Ghost Train to West Grinstead

Murder on the Orient Express, The Ghost Train, The Wheel Spins, 4.50 From Paddington, Strangers on a Train… who doesn’t love a good train mystery!? I certainly do… and what’s more, I’m lucky to have a ghost railway on my doorstep! Yes, my little village, Southwater, once had its own railway station… that was before it fell foul of Dr. Beeching’s ‘efficiency’ cull in 1966. Southwater – where this 18km circular walk begins – was a stop on the Steyning Line, which connected Horsham with Shoreham-by-Sea. The route of the old railway now forms the ‘Downs Link’, a 48km footpath linking the North Downs Way with the South Downs Way, and is favourite walk of mine. This time, however, I turned it into a circular walk…

The train left platform 1 at Southwater heading south towards the next station on the line, West Grinstead.

After about 4½km, passing through the small village of Copsale, I arrived at West Grinstead. The main station building (now, a private dwelling), platforms and signal are still in situ, although the station sign is a replica. An old British Railways coach is parked in what was the goods yard, on the original tracks. Look out, too, for the gradient post. These posts indicate a change in the steepness of the line, and were used by the driver to determine whether more power or braking was needed.

The following station on the Steyning Line was Partridge Green, however, I jumped off the train, halfway between stops, at Need’s Bridge, where the path crosses the B2135. From here, it was a cross-country hike, via the village of West Grinstead and St George’s Parish Church, until I arrived at the A24. Yikes. Traversing the A24 on foot is no mean feat. The number of times I have razzed down the dual carriageway at speed made this crossing a scary prospect indeed. Hold your nerve for a break in the traffic…

On the western side of the A24 lies the Knepp estate. The owners of Knepp are doing a brilliant job with their ‘rewilding’ project, which, this year, saw the reintroduction of beavers into Sussex for the first time in 400 years. The manor house was built in the 19th century, and is known as ‘Knepp Castle’, although this isn’t the original Knepp Castle. All that remains of the original building, which dates back to the 12th century, is a single wall and doorway which formed part of the castle keep. The ruins are visible from the A24.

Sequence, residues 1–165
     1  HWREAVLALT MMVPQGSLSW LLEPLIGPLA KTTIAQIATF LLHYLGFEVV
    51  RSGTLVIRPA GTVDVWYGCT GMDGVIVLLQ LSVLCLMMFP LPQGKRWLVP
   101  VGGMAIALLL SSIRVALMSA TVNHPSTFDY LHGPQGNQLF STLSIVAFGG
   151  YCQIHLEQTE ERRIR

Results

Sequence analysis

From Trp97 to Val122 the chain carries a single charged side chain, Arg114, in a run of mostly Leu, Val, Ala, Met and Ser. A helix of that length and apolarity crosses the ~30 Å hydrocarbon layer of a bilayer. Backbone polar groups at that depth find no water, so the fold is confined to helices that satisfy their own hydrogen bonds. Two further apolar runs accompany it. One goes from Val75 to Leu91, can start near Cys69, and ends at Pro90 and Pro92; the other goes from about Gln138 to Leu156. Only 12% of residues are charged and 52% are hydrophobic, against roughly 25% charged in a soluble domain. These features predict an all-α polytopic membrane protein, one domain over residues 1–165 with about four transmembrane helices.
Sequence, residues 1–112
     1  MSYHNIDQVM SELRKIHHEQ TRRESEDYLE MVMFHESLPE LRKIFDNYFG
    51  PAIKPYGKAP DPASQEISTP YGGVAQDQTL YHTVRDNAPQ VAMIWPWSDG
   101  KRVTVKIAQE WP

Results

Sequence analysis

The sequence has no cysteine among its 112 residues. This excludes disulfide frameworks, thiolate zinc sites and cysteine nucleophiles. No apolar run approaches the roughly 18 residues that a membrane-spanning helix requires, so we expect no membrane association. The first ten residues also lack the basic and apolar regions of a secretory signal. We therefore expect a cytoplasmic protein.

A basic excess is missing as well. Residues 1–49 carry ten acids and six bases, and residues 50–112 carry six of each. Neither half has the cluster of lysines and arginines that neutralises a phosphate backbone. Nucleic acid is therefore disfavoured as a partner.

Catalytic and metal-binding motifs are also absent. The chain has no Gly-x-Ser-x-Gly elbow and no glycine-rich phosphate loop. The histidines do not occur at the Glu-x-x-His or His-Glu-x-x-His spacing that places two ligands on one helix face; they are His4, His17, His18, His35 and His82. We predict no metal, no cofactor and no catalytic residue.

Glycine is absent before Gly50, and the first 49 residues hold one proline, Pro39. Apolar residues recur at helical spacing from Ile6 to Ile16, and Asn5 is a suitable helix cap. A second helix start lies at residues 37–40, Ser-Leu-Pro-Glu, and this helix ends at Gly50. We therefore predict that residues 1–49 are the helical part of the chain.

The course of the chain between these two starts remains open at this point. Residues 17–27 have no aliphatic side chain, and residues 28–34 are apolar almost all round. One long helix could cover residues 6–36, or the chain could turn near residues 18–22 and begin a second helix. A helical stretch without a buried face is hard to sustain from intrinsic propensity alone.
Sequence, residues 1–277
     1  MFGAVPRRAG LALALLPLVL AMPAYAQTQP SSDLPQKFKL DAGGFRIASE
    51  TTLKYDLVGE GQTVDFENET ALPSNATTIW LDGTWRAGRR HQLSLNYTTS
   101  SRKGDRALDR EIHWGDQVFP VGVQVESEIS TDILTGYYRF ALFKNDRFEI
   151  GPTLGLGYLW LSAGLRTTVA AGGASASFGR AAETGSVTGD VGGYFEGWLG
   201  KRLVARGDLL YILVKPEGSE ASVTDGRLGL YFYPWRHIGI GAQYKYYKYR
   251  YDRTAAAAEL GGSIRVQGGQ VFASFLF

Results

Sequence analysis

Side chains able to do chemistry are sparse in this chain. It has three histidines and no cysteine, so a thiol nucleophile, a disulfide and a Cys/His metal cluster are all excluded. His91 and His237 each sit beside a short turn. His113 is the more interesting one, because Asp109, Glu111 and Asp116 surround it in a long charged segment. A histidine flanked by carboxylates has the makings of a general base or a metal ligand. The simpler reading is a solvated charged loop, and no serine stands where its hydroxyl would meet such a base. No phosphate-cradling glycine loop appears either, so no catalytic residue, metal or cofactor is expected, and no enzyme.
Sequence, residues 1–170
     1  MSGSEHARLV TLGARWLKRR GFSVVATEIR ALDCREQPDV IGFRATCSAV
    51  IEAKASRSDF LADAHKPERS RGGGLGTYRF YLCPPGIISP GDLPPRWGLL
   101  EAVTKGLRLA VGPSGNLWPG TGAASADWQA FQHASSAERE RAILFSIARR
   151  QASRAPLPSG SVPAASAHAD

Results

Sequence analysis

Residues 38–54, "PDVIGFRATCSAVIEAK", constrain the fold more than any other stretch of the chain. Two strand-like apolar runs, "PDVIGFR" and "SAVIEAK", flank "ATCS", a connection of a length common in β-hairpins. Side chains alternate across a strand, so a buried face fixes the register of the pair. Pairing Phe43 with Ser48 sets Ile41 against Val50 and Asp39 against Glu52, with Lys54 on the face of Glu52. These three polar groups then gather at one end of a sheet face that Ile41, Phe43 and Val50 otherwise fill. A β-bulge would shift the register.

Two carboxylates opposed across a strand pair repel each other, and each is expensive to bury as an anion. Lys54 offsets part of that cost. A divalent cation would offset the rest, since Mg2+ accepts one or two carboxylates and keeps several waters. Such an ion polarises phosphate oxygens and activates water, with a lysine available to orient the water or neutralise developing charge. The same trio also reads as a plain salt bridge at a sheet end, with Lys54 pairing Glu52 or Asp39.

After a pause to rest on a fallen tree trunk and lunch on a cheese scone, I headed through the grounds of the estate, to Shipley. Shipley is another favourite of mine for walks and is great for birdwatching and, on a lucky day, you may see some deer or one of the Tamworth pigs on manoeuvres (the first time I saw them, my immediate thought was $h¡t! Wild boar! And ran as fast as my little legs would carry me). The iconic King’s Mill in Shipley was once owned by Hillaire Belloc and appeared as Jonathan Creek’s home in the eponymous TV series. I’m sure I’ve wittered on about Shipley Mill before in a previous post, and the Knight’s Templar connection…

Heading north from Shipley, via Dragon’s Green, the way back to Southwater is mixed with weird and wonderful woodland and tranquil open pasture… and on a cold December day, plenty of mud!

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